Welcome to Paws for Thought, our new pledge for dog walkers in the dunes!
Dog walkers are a big and important part of the community which enjoys and cares for our sand dunes. As part of Dynamic Dunescapes, the new Paws for Thought campaign encourages you and your pooch pals to enjoy these landscapes while also helping us make these habitats a safer home for the wildlife that relies on it.
We are lucky in the UK to have a wealth of biodiversity which lives in sand dunes, but unfortunately as these dune habitats become overgrown or over-stabilised, many of these species are becoming rare.
On some occasions dogs and this wildlife come into accidental conflict - for example, migratory birds which are nesting in the dunes can be stressed by canine visitors during their breeding season, which means they're unable to raise chicks. Other creatures can also become seriously ill when they come into contact with any dog poo left in the dunes.
How does the pledge work?
We'd love you to help us take care of dune habitats, as well as enjoy their beauty as a dog walking spot, and have come up with several things you can do. To take the pledge, both you and your pup can sign (or paw-print!) the ‘Paws for Thought’ pledge, to show you’re a conscientious dog walker, and agree to help to make the dunes a better place for people and wildlife.
We ask you to pick up after your pooch, keep an eye out for any signs explaining where, when and why we need you to keep your dog under close control, and to stick to paths.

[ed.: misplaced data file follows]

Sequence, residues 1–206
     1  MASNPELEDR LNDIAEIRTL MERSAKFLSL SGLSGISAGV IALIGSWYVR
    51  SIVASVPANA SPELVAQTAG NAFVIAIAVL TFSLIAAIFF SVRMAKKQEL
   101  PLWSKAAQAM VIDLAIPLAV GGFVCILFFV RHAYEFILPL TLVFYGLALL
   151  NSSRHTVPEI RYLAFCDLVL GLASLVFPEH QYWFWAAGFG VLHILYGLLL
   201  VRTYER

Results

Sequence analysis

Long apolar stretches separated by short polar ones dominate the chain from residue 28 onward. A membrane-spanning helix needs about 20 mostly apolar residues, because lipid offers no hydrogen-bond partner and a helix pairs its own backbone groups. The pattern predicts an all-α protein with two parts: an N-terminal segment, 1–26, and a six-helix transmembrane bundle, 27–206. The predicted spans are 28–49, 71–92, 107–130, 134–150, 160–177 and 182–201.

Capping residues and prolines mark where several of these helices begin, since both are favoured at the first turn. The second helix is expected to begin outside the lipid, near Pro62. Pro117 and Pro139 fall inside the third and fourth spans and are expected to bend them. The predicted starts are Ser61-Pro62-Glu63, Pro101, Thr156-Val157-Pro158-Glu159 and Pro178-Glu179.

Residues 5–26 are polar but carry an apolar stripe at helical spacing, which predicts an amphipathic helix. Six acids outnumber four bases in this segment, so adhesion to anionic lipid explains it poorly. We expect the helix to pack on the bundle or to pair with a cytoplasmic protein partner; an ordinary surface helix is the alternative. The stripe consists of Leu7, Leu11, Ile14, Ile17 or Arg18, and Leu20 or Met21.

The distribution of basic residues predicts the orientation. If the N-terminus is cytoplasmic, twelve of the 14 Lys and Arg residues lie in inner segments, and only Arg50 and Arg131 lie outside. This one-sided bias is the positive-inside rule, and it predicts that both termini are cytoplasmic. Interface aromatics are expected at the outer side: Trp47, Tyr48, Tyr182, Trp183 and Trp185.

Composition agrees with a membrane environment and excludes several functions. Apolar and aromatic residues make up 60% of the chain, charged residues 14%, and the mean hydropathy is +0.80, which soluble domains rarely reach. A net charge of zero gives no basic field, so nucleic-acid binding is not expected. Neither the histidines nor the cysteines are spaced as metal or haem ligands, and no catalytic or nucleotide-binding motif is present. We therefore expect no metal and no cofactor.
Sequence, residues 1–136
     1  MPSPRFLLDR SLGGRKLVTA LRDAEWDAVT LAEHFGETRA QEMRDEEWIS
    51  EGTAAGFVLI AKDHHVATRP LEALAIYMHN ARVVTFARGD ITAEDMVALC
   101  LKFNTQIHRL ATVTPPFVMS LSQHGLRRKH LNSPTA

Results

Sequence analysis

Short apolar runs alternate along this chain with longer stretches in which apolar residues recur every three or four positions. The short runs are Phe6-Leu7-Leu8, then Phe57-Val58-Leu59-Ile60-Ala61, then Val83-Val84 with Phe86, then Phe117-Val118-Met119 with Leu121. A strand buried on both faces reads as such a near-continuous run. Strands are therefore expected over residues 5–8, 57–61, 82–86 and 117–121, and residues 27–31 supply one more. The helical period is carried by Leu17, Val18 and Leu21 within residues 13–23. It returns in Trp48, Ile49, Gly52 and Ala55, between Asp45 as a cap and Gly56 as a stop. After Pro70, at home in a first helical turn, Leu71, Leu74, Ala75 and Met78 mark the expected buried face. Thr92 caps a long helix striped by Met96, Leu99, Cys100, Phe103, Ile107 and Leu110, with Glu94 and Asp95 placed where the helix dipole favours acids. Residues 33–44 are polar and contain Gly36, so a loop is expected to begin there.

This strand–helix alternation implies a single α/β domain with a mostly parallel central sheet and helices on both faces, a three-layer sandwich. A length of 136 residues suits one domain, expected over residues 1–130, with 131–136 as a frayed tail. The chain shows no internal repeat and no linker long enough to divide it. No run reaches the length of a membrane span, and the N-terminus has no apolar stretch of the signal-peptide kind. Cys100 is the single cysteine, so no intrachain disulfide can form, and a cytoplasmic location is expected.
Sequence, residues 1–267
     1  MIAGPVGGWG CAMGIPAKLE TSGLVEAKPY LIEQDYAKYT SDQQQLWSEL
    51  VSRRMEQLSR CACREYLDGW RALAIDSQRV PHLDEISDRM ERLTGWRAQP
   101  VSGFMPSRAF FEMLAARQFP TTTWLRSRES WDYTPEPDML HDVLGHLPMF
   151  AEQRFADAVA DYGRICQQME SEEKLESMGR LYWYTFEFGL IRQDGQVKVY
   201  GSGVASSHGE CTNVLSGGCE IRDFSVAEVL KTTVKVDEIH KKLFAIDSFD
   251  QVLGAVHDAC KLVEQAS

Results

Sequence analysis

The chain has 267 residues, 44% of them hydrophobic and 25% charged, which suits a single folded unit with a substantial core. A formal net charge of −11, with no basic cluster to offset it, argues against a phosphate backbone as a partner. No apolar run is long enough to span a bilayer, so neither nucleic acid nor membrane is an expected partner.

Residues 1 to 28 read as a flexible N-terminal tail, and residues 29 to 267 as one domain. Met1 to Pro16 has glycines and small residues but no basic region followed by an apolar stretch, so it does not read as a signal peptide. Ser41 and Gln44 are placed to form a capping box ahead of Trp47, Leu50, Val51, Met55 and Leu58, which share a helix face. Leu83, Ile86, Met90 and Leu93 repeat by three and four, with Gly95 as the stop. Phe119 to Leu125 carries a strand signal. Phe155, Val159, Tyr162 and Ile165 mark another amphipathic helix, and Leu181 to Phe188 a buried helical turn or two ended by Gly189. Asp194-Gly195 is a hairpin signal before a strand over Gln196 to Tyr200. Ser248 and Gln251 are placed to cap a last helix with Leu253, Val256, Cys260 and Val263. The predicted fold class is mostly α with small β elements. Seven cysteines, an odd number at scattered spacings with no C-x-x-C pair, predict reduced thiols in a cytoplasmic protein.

The Paws for Thought pledge
Always bag and bin my dog poo - any public bin will do
- Dog poo is harmful to dune habitats; it changes soil chemistry which is bad news for wildflowers. It can also contain diseases and parasites which may be fatal to creatures that live in the dunes, including the livestock that we use to mow the dune vegetation.
Help protect our special wildlife, by preventing my dog from chasing animals and keeping it away from pools
- Thousands of birds migrate here from as far away as the Arctic - and many of these species are endangered! If disturbed, they cannot build the fat reserves they need to return home safely. Many birds will also nest on the ground in grassy dune tussocks, and when stressed or if nests are disturbed, they may not breed successfully. Pools and ponds here are also important habitats for rare toads and newts, please try to keep your dogs out of these ponds to keep the toadlets and newtlets safe.
Use existing paths and follow guidance on signs
- Some areas of the dunes need more protection than others, and some species are more vulnerable and sensitive to disturbance at different times of year. Keep an eye out for signs which will let you know which areas are sensitive and at which times of year we need you to keep dogs on leads.
Help others enjoy the dunes, by keeping my dog under close control
- Not everyone enjoys dogs the same amount, so please be aware of other sand dune visitors, including horse riders, cyclists and reserve staff working on the dunes.
Take care around livestock to keep me and my dog safe
- Cows, sheep and horses are nature's lawnmowers! We use them on many of our sand dunes to keep vegetation growth low, which helps make sure our dune grassland is healthy. This means that in the spring, we'll have many more wildflowers and be able to support many insect species. If chased or scared by dogs, our grazing cows, sheep and ponies may become aggressive or stressed. Pregnant sheep can even abort their young if stressed by dogs.
How do I take the pledge?
You can download and print off our pledge certificate (below) to sign - there's even room for your dog's paw print too, or you can collect a pledge certificate from one of our Engagement Officers next time you see them at one of our sites in our Dune Dens.
Send us a photo of your signed pledge, or of you and your dog in the dunes for a chance to be featured on this page and on our social media!